They dropped the share of innings coming as a part of long start to a level below anything they’d ever done to date, but this time did so while holding down the innings share of short starts as well.
It was an extreme shift in innings approach, and it shifted even greater workload pressure onto the relievers than had been applied in 2015. While other teams limited the long starts of their pitchers more than did the Rays, no other team did so while cutting back the short starts as well.
If this sounds like a lot of innings for a bullpen to soak up, that’s because it is, and obviously so. It brought the 2019 innings share to 23% for short relief outings, and 19% (the highest in Rays history) for relief outings where a pitcher recorded 4, 5, or 6 outs.
And this is where Anderson and Kittredge come back into the story. The Rays sought to alleviate the impact of the increased workload by cultivating and then actually using reliever depth.
Below is a comparison of the leverage at the time he entered the game for every pitcher to record at least 10 innings in either 2015 or 2019. A leverage index of one means the situation is of average importance to the outcome of the game, with above being more important and below less.
No 2019 reliever was as highly leveraged as 2015’s Jepsen or Boxberger, and yet six 2019 relievers were more highly leveraged than the fourth highest (Brandon Gomes) in 2015. A full eleven Rays relievers entered games at average or nearly so leverage.
But even the 2019 Rays’ 14th most highly leveraged reliever, Andrew Kittredge, was pitching in a one run save situation when there were better, rested arms available. That’s because the philosophical base of the strategy to spread leveraged appearances throughout a pitching staff is a belief in the Law of Comparative Advantage.
The Law of Comparative Advantage is an idea from the early days of classical economics about how nations should engage with each other in trade. Put simply, and in one of its several forms, it states that if countries produce the good that they are most efficient at producing, and then trades it for the goods they are less efficient at producing, the full system will be more productive and, hypothetically, the people will be happier.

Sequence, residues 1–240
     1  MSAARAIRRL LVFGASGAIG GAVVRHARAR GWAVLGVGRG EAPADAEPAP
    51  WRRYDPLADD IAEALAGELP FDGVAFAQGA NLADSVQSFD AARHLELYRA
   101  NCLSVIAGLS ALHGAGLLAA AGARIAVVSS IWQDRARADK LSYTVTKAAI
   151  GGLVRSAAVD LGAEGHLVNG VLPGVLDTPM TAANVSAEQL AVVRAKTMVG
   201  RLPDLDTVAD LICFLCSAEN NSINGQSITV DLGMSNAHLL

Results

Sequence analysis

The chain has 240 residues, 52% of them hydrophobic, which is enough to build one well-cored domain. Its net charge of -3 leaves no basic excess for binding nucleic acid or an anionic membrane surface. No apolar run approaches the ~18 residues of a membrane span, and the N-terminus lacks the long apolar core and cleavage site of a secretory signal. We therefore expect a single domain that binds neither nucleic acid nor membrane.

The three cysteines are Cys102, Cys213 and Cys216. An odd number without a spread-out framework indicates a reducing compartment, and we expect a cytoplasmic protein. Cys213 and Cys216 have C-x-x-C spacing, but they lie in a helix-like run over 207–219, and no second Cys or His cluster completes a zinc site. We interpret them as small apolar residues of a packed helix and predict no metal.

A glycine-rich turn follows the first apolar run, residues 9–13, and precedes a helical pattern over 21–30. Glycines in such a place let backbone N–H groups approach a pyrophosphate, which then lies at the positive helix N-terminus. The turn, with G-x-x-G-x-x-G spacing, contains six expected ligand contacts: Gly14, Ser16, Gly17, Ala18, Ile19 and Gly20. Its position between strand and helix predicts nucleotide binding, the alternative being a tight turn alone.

Comparative advantage is a powerful concept. Its effects in the real world have not always been “more happiness,” and it’s questionable whether it even creates the greatest possible long-term economic productivity.
But baseball is a simpler system than worldwide socioeconomics, and comparative advantage has an obvious application. Yes, Anderson was a tougher matchup against right-handed batters than basically anyone else in the league, including Kittredge. He had an absolute advantage. But he was also an incredibly tough matchup against left-handed batters, while Kittredge, a sinker-slider pitcher who did most of his best work dancing down and away off the outside corner to righties, was not someone you wanted facing lefties with the game on the line.
Kittredge held a comparative advantage against righties, and the heart of the Boston order was full of them. If you accept that you can’t call on Anderson every time you want to, and that the Kitts of the team will have to pitch in high leverage at some point during the season, then August 9, 2019, was a perfect time.
In 2019, eleven different Rays pitchers recorded a save falling one short of the MLB record. In the pandemic-shortened 2020, twelve Rays pitchers recorded a save to tie the record. In 2021, they broke the record with fourteen.
The closer was over.
But did it work?
Yes. No. Maybe.
It worked out for Kittredge on August 9th. Then he opened the next day as part of a burst of stacked appearances and he got hurt.
And the Rays really did spread out their leverage and by doing so limit the total workload for their most highly-leveraged relievers. No Rays reliever ranking among the top 30 in innings pitched. To my anecdotal eyes they did not wear down collectively as they had in 2015.
But the graph of stacked appearances is an ugly one for the idea that the 2019 Rays managed to limit starter innings while also protecting aggregate bullpen workload.
Exploring this graph on the individual level, there’s some complexity here — the extreme number stacked appearances are coming from heavy use of the high-leverage ROOGY-LOOGY combination of Chaz Roe and Adam Kolarek (aka Rolarek), with each of them often pitching less than a full inning (this was the last season before the coming of the Three-Batter Rule).
But the 31st most used reliever as counted by total innings, Emilio Pagán, also made the fourth most back-to-back appearances in the league, and his appearances were a mix of one and two innings.
All credit to Pagán, who put in an inspiring turn on the wheel when the Rays needed it. But needing it points to a problem with the 2019 approach. Fully buying into comparative advantage in the bullpen is necessary to cut starter innings while protecting relievers from overwork, but it is not sufficient.
There’s a piece that was missing from the 2019 mix, and it’s one the Rays had experimented with in 2018 and then leaned back into after the experience of 2019.
In the next part we’ll focus on that missing piece, because the middle-length appearance, once the unglamorous domain of mopup men, is now a job for legitimate bullpen aces.